Botox injections provide significant relief for some patients and might be an option for people who do not tolerate daily medication as often as others.
Alternative & Homeopathic Treatment
There are several alternative options that may help boost your recovery when a headache has been presented. Some include acupuncture, caffeine, hydration, heat and cold compression, etc. The following below will describe each homeopathic treatment you can try either at home or elsewhere, including the following:
The first thing to try to get rid of a headache without drugs is to drink enough water or an electrolyte beverage. This helps because dehydration is a common cause of headaches. This is especially useful to get rid of a headache that results from drinking alcoholic beverages.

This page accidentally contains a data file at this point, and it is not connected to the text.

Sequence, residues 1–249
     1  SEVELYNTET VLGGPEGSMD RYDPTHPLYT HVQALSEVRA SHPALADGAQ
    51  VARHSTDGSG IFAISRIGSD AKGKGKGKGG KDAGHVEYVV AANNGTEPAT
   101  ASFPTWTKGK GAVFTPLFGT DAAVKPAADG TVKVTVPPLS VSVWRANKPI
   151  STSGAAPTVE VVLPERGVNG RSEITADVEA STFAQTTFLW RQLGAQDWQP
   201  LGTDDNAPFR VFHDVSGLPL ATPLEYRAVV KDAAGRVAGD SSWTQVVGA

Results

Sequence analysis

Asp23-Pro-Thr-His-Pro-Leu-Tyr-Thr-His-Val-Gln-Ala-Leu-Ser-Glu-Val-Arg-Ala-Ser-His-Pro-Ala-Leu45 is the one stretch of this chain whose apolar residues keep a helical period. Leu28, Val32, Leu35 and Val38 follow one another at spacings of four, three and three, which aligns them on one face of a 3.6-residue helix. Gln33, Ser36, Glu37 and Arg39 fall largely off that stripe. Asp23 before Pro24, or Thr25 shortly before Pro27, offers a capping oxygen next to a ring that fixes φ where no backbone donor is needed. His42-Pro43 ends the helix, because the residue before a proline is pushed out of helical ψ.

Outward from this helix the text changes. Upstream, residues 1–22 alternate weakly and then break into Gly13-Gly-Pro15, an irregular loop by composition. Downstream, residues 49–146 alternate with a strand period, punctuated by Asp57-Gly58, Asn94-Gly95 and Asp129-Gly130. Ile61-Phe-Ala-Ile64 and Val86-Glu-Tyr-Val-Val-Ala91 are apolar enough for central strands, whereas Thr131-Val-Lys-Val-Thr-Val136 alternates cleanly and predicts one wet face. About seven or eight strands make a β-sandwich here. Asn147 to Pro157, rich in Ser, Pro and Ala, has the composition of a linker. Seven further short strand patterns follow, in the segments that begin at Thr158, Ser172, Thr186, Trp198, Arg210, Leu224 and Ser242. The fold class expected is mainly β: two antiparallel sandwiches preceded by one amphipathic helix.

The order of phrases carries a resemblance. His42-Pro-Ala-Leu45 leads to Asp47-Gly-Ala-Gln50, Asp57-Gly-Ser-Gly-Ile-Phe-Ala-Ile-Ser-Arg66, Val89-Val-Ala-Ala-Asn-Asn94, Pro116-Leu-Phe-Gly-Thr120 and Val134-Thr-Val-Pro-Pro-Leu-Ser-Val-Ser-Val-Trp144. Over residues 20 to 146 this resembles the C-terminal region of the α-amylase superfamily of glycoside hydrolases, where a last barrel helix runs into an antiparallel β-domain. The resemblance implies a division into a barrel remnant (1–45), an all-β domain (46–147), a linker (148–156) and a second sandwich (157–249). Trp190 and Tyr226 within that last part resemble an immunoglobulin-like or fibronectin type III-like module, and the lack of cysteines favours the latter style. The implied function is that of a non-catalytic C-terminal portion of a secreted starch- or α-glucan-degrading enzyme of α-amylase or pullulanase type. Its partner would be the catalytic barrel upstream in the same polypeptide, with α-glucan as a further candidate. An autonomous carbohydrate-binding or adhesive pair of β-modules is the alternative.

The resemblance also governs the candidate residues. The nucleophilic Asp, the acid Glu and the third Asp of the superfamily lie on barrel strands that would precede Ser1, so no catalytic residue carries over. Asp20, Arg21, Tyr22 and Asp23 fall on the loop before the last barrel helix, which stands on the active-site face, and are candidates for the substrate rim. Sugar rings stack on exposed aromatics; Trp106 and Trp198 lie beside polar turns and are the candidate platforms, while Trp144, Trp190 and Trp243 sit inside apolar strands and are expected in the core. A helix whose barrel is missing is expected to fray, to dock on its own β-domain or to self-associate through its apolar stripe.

Many headaches respond to caffeine; a cup of caffeinated tea or coffee can often be used to resolve a headache. Cluster headaches and migraines are most responsive to caffeine.
Heat and cold compression
Applying a hot compress to the back of the neck or forehead can relax tension. For some people, a cold compress may feel much better. In addition, a combination of heating creams and self-massage into the sore muscles of the neck or upper back can help relax the muscles.
Acupuncture can be effective for certain headaches, like chronic headaches and migraines. The acupuncturist will assess the type of headache with a traditional Chinese medicine diagnosis, and treat the headache with needles in certain areas.
Self-massage around the temples, shoulders, and back of the head can help tension headaches. Massage, either self-massage or with a massage therapist, can both resolve chronic neck and shoulder tension that can cause headaches.